As a Western Canadian photographer, the subject matter I am passionate about addresses primarily, but not exclusively, the landscapes of the Canadian Rockies in Alberta and British Columbia, as well as images from the national parks of Montana, Utah, Arizona, California, the Four Corners Region, and European architecture, especially cathedrals and places of spirit. Since 1991 the majority of my work has been the crafting of these images as fine art black and white prints for exhibitions nationally and internationally. However, for the last five years I have chosen to express these images in the medium of the hand-crafted platinum/palladium print because this classic process more fully reveals the entire original tonal scale. It conveys a sense of three dimensionality, and enables me to convincingly translate the elements of space, water, atmosphere,and land with a delicacy unattainable with any other process. In other words, from the viewer's perspective, it creates a sense of presence. My preference is to photograph with large format view cameras utilizing sheet films ranging in size from 8"X10", 7"X17",8"X20" up to and including the ultra-large 12"X20". I chose these formats because of their exaggerated rectangles, which extend the sweeping narrative of the landscape, and because it most effectively articulates the way I see the world. And, from the viewer's perspective, it invites a different way of seeing, more like a journey through a new land. The view camera also has the unsurpassed ability to control perspective and capture the greatest amount of detail. Images in platinum in some respects resemble the tonality and atmosphere of those late 19th century National Geographic monochrome images, and the timeless ethereal quality of a platinum print is very much suited to landscapes, architecture and portraiture.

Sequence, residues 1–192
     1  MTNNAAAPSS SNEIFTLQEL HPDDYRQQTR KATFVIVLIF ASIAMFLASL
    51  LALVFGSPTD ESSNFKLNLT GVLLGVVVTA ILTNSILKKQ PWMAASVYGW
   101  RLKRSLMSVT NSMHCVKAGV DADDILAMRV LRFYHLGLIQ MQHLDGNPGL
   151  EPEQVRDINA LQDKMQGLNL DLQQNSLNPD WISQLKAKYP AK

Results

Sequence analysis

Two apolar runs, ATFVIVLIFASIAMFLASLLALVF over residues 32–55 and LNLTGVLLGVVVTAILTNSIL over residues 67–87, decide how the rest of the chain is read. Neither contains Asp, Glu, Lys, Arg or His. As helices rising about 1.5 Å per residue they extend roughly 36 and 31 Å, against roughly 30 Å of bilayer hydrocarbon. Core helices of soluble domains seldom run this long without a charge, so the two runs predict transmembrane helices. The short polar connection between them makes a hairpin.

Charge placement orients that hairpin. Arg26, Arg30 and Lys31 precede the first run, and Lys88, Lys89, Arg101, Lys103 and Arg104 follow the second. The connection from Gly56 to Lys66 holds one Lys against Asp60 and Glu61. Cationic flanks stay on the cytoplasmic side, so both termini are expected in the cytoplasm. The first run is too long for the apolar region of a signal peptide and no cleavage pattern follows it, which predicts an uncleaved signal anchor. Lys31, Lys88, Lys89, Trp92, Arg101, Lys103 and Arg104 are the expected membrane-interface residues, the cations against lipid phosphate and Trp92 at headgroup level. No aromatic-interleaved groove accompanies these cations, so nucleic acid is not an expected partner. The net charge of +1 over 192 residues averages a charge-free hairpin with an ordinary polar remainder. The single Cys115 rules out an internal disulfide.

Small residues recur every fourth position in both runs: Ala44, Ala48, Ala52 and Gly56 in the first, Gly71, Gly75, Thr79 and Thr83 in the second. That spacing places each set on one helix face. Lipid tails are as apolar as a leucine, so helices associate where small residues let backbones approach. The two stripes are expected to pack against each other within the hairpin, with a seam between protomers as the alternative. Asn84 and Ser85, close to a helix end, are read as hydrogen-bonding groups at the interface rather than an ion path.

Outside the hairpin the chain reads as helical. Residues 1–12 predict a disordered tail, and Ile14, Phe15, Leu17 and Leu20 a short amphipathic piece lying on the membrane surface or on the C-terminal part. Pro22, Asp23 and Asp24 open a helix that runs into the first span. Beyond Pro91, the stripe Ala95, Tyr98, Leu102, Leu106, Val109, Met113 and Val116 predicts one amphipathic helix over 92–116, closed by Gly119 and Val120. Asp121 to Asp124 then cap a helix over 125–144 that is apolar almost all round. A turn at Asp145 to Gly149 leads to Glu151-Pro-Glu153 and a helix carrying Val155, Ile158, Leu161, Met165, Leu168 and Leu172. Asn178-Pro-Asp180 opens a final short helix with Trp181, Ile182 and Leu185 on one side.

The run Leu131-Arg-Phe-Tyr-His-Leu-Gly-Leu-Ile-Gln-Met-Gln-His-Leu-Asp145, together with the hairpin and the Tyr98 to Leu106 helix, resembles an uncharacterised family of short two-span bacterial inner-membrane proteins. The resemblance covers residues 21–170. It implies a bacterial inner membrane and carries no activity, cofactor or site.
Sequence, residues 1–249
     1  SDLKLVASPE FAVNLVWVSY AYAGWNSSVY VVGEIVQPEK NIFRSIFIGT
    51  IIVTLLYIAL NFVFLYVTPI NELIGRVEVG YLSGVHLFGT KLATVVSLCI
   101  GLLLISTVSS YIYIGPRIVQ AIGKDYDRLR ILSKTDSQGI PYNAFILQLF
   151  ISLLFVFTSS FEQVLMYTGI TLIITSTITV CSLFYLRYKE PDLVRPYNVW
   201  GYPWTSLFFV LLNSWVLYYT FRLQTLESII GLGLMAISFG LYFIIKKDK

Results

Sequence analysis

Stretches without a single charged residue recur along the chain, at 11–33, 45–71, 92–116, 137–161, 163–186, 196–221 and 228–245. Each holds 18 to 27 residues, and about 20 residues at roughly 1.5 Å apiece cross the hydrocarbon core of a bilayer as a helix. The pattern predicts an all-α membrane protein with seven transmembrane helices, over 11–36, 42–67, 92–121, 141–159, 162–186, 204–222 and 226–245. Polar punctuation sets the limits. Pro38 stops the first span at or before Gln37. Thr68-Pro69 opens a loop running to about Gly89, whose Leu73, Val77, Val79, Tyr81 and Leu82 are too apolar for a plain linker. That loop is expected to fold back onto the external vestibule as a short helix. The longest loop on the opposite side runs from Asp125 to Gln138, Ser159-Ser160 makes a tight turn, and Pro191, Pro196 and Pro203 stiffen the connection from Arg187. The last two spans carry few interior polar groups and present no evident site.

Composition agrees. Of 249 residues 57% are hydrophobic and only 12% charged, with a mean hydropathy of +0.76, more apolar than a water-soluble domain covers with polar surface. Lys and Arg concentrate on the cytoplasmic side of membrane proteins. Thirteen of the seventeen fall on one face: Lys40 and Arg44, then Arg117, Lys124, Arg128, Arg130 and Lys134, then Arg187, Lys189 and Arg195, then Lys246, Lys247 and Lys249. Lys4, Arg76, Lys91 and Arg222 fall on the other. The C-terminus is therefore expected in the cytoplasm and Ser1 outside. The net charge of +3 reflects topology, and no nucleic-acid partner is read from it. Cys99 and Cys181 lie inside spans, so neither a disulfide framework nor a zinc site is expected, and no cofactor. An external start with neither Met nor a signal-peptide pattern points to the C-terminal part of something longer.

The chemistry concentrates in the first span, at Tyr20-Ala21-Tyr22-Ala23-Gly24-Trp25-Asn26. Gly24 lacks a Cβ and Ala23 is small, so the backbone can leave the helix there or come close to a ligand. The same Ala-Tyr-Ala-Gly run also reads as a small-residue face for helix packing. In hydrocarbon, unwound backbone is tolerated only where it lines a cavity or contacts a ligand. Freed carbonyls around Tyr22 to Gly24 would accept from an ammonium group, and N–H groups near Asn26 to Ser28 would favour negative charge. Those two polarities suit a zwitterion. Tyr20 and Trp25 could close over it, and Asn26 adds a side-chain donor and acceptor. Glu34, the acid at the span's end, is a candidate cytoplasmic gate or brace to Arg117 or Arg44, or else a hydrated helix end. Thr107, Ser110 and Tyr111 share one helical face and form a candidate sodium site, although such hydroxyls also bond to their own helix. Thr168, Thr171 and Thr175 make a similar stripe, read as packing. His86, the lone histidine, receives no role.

Modern visions and interpretations of time and place supported by historical processes such as platinum printing can produce very compelling imagery. This unique printing process and impressionist interpretation are brought together through a photographic technique which is as unusual as it is rare and which also had its origins in the nineteenth century. Negatives measuring 12 inches by 20 inches or 8 inches by 20 inches allow one to explore visions in a new and more expansive visual encounter possible only through the optical language of photography. This impacts the viewer directly by articulating a vast sweeping narrative . Thus, the imagery itself, the platinum printing process to support this imagery and the technique to capture it on film are combined together to produce bold and compelling visual statements. In addition, and for some projects most importantly, the unsurpassed archival characteristics of the platinum print provides an enduring legacy and conduit to the past for future generations.